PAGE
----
There are even opportunities to maximize space with furniture that doesn’t double as storage: beds with enough clearance to slide a drawer underneath, Murphy beds that fold up into the wall, or desks that tuck into an unused alcove. Make furniture decisions that increase storage capacity and minimize visual space. This will not only help you keep your home organized and clutter-free but also make the space feel bigger and less burdened by furniture.

Leverage Vertical Space

Often there is plenty of vertical space in a home that isn’t being leveraged for storage. If you think about it, most furniture’s width well exceeds its height so sometimes you have to take a purposeful look (at your blank slate!) to find the opportunities and exploit them.

Here are a few examples of using vertical space to maximize storage in your home:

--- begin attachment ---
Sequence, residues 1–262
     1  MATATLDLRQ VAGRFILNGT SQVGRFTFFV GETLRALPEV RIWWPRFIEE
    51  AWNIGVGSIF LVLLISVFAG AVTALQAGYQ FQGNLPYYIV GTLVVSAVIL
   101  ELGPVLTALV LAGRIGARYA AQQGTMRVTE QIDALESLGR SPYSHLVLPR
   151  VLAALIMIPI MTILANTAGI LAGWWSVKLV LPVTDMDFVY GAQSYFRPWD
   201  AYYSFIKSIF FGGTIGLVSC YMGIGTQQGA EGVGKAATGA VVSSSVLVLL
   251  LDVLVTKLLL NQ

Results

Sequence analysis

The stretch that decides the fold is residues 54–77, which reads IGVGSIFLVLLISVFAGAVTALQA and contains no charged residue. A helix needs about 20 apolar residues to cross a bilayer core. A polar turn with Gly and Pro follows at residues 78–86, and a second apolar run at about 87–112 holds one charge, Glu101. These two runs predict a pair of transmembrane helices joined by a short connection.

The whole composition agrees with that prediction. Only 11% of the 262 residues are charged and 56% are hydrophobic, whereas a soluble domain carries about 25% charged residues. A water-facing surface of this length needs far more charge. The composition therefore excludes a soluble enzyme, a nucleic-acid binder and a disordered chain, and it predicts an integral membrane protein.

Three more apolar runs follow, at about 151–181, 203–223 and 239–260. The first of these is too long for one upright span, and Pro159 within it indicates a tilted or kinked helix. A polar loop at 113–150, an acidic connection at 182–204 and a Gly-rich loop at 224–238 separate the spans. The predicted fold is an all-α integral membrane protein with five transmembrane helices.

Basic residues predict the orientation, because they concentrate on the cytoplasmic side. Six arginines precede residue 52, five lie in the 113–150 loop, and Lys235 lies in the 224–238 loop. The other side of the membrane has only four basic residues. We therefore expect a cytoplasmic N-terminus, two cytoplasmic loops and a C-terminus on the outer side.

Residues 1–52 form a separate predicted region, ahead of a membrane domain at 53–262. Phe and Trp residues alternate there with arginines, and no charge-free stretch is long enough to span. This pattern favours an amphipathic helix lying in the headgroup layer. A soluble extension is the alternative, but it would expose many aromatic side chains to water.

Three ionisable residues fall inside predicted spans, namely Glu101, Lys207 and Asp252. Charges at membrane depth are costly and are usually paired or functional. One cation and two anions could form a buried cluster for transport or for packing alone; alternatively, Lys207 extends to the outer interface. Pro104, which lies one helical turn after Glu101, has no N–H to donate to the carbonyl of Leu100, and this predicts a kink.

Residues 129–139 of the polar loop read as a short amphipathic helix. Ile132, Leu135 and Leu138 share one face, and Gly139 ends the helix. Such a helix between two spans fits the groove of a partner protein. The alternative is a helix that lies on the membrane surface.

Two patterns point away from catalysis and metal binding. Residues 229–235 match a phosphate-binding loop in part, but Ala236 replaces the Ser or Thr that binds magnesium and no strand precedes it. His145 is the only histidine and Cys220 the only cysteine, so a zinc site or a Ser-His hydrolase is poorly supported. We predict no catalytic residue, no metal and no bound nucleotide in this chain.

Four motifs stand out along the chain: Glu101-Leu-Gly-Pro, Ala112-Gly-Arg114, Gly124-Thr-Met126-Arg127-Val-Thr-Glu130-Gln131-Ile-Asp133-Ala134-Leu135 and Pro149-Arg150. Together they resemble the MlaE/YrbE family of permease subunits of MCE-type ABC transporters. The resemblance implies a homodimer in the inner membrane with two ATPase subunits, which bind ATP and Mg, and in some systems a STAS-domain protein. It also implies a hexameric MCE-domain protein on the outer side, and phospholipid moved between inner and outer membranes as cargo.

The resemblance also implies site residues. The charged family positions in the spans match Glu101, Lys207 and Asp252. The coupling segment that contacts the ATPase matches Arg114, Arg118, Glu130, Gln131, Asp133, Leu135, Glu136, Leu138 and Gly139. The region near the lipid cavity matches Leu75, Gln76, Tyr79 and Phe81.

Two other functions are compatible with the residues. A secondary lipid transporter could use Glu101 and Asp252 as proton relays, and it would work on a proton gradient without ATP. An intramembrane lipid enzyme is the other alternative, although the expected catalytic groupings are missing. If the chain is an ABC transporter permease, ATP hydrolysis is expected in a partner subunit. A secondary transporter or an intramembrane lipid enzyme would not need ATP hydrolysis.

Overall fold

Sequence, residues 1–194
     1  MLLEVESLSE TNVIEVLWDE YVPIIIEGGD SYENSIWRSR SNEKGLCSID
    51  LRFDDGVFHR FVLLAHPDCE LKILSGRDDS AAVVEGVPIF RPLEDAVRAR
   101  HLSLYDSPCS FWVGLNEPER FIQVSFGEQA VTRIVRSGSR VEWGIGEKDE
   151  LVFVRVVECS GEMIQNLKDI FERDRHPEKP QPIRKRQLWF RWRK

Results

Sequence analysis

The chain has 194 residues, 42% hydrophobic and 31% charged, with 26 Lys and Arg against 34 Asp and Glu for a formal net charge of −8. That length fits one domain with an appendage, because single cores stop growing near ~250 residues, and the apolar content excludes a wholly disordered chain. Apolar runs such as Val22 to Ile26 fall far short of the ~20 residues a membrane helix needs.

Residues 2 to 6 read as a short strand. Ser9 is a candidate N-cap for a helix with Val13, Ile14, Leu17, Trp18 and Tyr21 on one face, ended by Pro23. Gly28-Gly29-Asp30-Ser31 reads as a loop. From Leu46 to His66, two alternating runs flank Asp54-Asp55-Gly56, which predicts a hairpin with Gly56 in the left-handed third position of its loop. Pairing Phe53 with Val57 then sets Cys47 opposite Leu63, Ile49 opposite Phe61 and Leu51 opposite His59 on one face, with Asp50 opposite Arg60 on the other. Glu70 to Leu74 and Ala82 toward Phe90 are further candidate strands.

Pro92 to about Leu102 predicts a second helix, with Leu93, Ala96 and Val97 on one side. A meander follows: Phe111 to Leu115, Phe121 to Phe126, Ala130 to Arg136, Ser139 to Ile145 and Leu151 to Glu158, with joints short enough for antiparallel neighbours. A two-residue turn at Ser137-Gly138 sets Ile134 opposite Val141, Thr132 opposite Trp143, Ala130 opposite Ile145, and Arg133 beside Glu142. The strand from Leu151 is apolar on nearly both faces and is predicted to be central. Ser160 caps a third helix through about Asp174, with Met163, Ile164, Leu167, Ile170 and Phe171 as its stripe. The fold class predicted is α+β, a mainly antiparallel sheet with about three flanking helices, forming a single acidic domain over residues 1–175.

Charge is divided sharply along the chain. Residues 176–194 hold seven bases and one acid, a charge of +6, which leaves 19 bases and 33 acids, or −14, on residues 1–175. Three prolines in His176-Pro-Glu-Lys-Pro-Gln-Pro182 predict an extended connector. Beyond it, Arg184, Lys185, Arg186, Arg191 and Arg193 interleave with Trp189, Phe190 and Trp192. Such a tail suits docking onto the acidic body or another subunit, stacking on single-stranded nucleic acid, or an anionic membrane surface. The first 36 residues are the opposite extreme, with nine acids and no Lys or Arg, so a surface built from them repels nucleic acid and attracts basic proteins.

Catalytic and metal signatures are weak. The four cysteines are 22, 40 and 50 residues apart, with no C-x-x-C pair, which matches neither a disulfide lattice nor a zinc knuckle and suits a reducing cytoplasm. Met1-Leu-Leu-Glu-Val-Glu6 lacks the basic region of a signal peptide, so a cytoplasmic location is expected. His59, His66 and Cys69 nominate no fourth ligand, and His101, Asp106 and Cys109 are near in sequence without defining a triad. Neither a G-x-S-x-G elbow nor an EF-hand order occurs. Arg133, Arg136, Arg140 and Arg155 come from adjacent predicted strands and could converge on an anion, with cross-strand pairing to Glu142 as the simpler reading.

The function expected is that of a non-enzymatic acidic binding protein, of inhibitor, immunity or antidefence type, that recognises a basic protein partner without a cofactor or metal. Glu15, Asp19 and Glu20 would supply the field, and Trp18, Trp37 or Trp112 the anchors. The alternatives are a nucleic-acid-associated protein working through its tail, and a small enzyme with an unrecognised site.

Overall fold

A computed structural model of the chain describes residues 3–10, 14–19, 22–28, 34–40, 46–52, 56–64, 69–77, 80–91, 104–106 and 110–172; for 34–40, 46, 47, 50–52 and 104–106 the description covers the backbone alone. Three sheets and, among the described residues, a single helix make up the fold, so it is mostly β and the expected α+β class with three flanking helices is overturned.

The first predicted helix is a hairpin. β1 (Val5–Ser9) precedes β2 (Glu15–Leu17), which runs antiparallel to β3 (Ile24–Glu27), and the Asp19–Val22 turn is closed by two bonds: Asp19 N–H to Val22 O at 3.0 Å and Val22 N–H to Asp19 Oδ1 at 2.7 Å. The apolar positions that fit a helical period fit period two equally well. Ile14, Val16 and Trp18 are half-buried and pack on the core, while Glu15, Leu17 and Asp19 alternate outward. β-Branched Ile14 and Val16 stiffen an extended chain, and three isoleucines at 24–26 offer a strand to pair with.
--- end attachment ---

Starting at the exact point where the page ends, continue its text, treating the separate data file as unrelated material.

• Book Towers – You can fit a lot of books in minimalist towers like this one and they fit almost anywhere

  • Bathroom Hooks – Towel bars take up so much wall space! Switch yours out for hooks and see how much space you gain

  • Wall-Mounted Racks – Bring things like yoga mats & rollers up off the floor by using a rack that mounts on the wall

  • Over-The-Door Racks – This is one of my favorite-all-time solutions in small homes, it has so much capacity and in virtually invisible on the back of a (pantry, bathroom, laundry room) door.

These are four of my most-used but there are many other examples if you look for them. All of them fit my criteria for a small home: increase storage capacity and minimize visual space. All are easy to implement.

The joy of living in a well-designed and organized small home is that everything you need is literally at your fingertips. There is no space wasted and all spaces are appreciated for what each contributes to the lifestyle of the inhabitants. I could go on and on but I’ll end with that, it really says it all!